All around the globe, governments struggle with how to convince their citizens to engage in behaviors that will benefit their health and the environment. But whether it’s joining a gym or addressing climate change, changing their minds and behaviors is one of the great challenges of psychological science.
Yet many of the world’s most adept behavior change practitioners work far afield from a lab: Advertisers and marketers have achieved enormous success harnessing behavioral science findings to change minds en masse.
“Marketing has always stolen so many things from psychology,” says Tom Beckman, the global head of creative at Prime Public Relations based in Sweden. Beckman believes that researchers need to embrace the experience of a vuja de — the opposite of a déjà vu.
“A vuja de moment is when you walk into a situation you’ve been in a thousand times and suddenly you see something new,” he says.
Beckman counsels researchers and scientists to think beyond the simplest, most obvious solutions for changing minds. Instead, marketers try to understand what people will actually notice — what will stick with them — and this means paying attention to the cultural context, the zeitgeist of the moment. For example, Beckman explains how James Bond films must appeal to audiences all over the world; hundreds of millions of people have to buy movie tickets for the studio to make a healthy profit. Notice how the threats that Bond film villains have presented shifted over the decades to match the global anxieties of the time, from 1960s-era fears about nuclear bombs to the threat of climate change addressed in Quantum of Solace (2008).
The most important lesson marketing can offer behavior-change researchers, according to Beckman, is the concept of mutual value. Just as an apple has to be tasty to encourage animals and people to eat the fruit and spread the seeds, successful behavior-change projects have to offer something of value to the target population.
“It has to be attractive,” he says. “It has to be just like the apple; it has to be shiny, juicy, nutritious, in order for it to work. And that goes for you, too.”
Stories can be used as a highly effective strategy for increasing people’s interest and attention in a message, while decreasing their resistance to behavior change. Providing people with a good story also provides them with a meaning system and model for the right behaviors, according to Enny Das of Radboud University Nijmegen in the Netherlands. And stories are just fun, which can increase our attention and sidestep our resistance.
“We don’t like it when other people tell us how we should behave, even if we give them good advice, like you should stop smoking or exercise more,” Das says. “There are so many different creative strategies to say no to things that are good for you. However, we find it very, very difficult to resist a story.”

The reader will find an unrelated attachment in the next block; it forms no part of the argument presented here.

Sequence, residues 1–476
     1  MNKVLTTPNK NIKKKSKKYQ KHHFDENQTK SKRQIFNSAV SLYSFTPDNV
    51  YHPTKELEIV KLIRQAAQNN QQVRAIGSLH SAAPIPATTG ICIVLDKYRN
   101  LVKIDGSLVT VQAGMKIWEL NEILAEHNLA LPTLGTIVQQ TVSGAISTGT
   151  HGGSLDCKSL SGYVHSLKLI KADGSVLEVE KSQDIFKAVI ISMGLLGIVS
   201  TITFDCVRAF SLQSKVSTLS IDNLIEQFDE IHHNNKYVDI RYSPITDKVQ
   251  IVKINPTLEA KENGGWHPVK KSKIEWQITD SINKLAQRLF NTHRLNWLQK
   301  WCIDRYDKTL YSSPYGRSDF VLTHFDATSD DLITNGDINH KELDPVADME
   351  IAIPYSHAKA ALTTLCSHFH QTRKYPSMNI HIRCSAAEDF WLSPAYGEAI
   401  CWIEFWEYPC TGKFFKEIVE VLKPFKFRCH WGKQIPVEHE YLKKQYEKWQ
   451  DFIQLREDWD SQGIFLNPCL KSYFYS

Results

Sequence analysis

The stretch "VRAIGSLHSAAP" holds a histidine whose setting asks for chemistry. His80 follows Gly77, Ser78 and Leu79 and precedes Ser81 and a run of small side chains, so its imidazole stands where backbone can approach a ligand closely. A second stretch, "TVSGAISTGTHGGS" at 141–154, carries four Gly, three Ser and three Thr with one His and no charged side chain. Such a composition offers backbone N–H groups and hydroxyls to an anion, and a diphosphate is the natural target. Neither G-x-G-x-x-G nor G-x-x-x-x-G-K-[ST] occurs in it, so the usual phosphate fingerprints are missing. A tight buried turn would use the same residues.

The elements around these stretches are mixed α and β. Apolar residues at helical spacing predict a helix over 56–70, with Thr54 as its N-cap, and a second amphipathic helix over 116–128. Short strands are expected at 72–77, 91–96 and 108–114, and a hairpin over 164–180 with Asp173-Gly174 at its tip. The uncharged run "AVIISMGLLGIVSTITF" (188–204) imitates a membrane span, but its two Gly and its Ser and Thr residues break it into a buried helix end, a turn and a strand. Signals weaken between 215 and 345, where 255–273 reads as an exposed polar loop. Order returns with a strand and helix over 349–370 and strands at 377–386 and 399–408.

For example, Das just completed a longitudinal study in which stories were used to persuade children into long-term improvements in brushing their teeth. However, stories don’t always have to be happy and fun to convince us to change our minds. There has been a recent surge in interest on eudaimonic narratives — stories that evoke mixed emotions and deeper, more reflective feelings. Conflict and pain are essential components to any good story, and even tragic stories that focus on death or fear show promise as tools for shifting people’s mindsets. Recently, Das has been integrating terror management theory — a model of the psychological defenses humans have developed in response to our awareness of death — into her research on how eudaimonic narratives from dramatic films influence our mindsets around death.
“Different stories can achieve different things,” Das says. “We have fun stories that can increase attention for unwanted but important messages, we have eudaimonic entertainment that can increase reflection, and we have tragic entertainment that may break through different existing world views and open the mind up.”
Signals of Change
Using a series of perceptual psychophysics tasks, Stephen Fleming’s lab has been investigating the specific mechanisms that underpin how we change our minds at the cognitive and neural levels.
“You might vote in an election and then, later on, you might realize that wasn’t such a good idea,” explains Fleming, cognitive neuroscientist at the Wellcome Centre for Human Neuroimaging, University College London. “You might get new evidence about those political parties and decide eventually to change your mind.”